In the week since the death of freshman Matthew Mezza, school administrators, faculty and staff have rallied together to help students struggling to cope with the incident.
“Since [Mezza's death] happened so recently, responses are not really coming out yet,” I-House adviser Jessica Garrido said. “I’m only just starting to get kids telling me that they’re unfocused.”
According to Santa Monica-Malibu Unified School District (SMMUSD) officials, Mezza passed away on Friday, Jan. 14, of injuries incurred when he jumped from a window in the Sheraton-Delfina hotel. Following the incident, Mezza was taken to a hospital, where he died at 11 p.m. that night. He was laid to rest Wednesday, Jan. 19, following a service at Hillside Memorial Park in Los Angeles.
SMMUSD offered counseling information and support in the Samo cafeteria the morning after Mezza’s death, and on the Tuesday following Mezza’s passing, school psychologists and guidance counselors were stationed in the library so students could seek support throughout the day. According to I-House principal Renée Semik, the names of students who came to the library on Tuesday were given to their house advisers; many of the students were then called into their house offices for follow-up meetings, some of which resulted in referrals to school psychologists or off-campus organization which specialize in grief counseling.
Though the counselors are no longer stationed in the library, their support is still available on campus, and students who are struggling to cope with this incident are encouraged to speak with their house advisers.
“My goal is just to let my students know that I’m available,” Garrido said.
Parents seeking more information about the school’s response to Mezza’s death, and about how they can best aid their children in coping with this incident, a parent meeting — referred to on Samo’s website as “After a Crisis: Understanding and Supporting Your Child” — is scheduled to take place tonight, at 7 p.m. in the cafeteria.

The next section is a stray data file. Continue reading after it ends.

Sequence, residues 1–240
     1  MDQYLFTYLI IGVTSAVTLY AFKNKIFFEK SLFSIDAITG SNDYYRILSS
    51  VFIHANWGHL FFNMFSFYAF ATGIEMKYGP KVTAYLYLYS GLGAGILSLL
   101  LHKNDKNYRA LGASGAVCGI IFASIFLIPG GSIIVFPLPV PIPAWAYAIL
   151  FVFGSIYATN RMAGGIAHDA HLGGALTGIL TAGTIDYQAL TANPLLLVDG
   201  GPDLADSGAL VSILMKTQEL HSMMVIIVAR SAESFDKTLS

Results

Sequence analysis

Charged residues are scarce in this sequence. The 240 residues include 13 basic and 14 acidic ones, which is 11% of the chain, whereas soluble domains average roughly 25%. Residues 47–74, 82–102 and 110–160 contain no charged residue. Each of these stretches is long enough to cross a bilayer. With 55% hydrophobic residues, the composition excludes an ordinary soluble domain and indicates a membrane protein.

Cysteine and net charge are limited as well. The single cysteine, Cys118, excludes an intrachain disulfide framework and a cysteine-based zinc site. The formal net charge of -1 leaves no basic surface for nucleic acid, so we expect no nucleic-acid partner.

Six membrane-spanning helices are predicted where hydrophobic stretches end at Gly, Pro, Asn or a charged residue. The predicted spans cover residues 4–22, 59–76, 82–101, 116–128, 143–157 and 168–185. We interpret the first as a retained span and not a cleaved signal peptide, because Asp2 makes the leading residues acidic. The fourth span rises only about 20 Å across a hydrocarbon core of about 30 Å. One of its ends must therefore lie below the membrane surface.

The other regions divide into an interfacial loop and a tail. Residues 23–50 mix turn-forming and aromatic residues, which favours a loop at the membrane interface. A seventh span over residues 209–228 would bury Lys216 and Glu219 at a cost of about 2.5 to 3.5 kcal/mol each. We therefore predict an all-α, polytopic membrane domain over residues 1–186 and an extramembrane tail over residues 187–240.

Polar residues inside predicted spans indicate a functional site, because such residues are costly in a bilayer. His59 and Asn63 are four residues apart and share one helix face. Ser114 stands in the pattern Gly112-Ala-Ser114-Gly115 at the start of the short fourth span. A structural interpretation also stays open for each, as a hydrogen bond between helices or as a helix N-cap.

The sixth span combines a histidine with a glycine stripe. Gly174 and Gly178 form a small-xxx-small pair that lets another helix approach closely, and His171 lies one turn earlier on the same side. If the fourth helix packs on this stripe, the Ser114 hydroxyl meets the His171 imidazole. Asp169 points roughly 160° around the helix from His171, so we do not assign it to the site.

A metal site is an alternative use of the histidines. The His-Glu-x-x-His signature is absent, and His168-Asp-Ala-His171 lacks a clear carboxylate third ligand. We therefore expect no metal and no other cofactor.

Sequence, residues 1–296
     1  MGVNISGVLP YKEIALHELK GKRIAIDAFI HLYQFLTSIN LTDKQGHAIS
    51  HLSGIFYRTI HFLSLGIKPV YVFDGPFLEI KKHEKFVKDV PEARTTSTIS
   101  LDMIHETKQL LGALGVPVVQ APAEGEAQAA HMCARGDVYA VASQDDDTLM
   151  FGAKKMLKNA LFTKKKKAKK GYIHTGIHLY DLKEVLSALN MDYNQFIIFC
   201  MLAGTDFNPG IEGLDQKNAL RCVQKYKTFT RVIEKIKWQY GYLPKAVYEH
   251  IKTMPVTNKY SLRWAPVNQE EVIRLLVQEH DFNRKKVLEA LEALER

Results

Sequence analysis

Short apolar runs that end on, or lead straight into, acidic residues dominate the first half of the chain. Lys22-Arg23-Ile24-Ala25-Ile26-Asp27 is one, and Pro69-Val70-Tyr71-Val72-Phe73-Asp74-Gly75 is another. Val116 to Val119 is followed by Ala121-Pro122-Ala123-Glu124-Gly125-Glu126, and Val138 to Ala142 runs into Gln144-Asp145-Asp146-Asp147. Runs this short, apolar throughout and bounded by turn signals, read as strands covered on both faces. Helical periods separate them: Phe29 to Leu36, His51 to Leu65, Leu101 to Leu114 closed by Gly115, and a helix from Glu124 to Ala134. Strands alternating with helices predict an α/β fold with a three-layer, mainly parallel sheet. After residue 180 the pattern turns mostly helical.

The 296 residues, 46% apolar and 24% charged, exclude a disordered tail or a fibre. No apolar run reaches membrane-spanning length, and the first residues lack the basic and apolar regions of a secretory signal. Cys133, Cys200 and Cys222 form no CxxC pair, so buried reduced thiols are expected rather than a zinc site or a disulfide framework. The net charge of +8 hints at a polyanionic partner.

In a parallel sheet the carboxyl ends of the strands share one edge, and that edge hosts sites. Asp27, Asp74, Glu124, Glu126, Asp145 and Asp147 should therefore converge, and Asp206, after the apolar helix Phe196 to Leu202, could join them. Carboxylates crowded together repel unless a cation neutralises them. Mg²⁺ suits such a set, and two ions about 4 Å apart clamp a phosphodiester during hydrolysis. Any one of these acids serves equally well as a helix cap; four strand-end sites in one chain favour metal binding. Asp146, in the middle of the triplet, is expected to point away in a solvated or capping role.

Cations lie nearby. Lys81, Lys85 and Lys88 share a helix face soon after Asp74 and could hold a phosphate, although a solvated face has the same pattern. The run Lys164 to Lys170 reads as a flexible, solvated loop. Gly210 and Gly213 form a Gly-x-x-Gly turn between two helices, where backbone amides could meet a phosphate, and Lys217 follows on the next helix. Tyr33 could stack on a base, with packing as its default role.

Mezza was a graduate of John Adams Middle School where he was a well-liked member of the band and an active member of student leadership. At Samo, he played baseball. He was a member of Beth Shir Shalom temple, where he was active in his youth group and volunteered with younger children in the religious school.
Among his friends, Mezza was known for his humor and storytelling abilities.
“He liked anything funny,” freshman Ben Gelfand, Mezza’s longtime friend, said. Freshman Alex Woods, another of his close friends, said Mezza would often regale him with jokes he had discovered online or in movies.
Mezza’s actions came as a shock to many who had always known him to be — in the words of Mezza’s friend, freshman Liam McBride — “very cheery and positive.” In an interview with the Los Angeles Times, Neil Comess-Daniels, a rabbi at Beth Shir Shalom said, “He was certainly not the kind of person you would expect to have these feelings. Something went horribly, horribly wrong.”
Possible impetuses for Mezza’s actions will remain unknown, but school officials said that Mezza had expressed feelings of depression to his family and was receiving care at the time of his death.
David Gordon, a clinical psychologist and Samo parent who aided the school administration in their efforts to help students, said Mezza’s case is a difficult one to understand.
“I’ve been working with adolescents and suicide and depression for over 25 years, and Matthew doesn’t fit the picture,” Gordon said. “That’s part of what is so hard.”
Though Gordon said this makes it impossible to speculate about reasons for Mezza’s actions, he gave some reasons as to why teenagers may be more vulnerable to suicide than the rest of the general population.
“Adolescence is the first time kids are really developing a sense of their own identities separate from their families,” Gordon said. “That’s healthy, but … it makes teens vulnerable to a sense of being isolated from their family. Being embraced by their peers and feeling accepted becomes much more important. If they experience rejection, such as the breakup of a relationship with a boyfriend or girlfriend, it takes on a much more powerful meaning.”
Gordon encouraged those who are concerned about a friend to disregard the “myth” that talking about suicide will put ideas in the head of a non-suicidal person. “If you’re worried about somebody, ask them,” Gordon said. “If they have been thinking these thoughts at all, they’re going to be relieved.”
To those who knew Mezza, and are struggling with feelings of responsibility, Gordon stressed that Mezza’s case was unique, and that anticipating his actions would have been almost impossible.
“Many students feel guilty, as though they should have been able to stop it,” Gordon said. “Nobody could have. He knew and his family knew he was having problems and he was getting help, but nobody could have stopped it. This is one of those situations where everybody was doing the right thing, and it happened anyway.”
Mezza is survived by his mother, Ellie Schneir; his father, Peter Mezza; and his older brother, Florin Mezza. In lieu of flowers, his family has requested that donations be made to the Samo baseball team or to the suicide prevention hotline, Teen Line.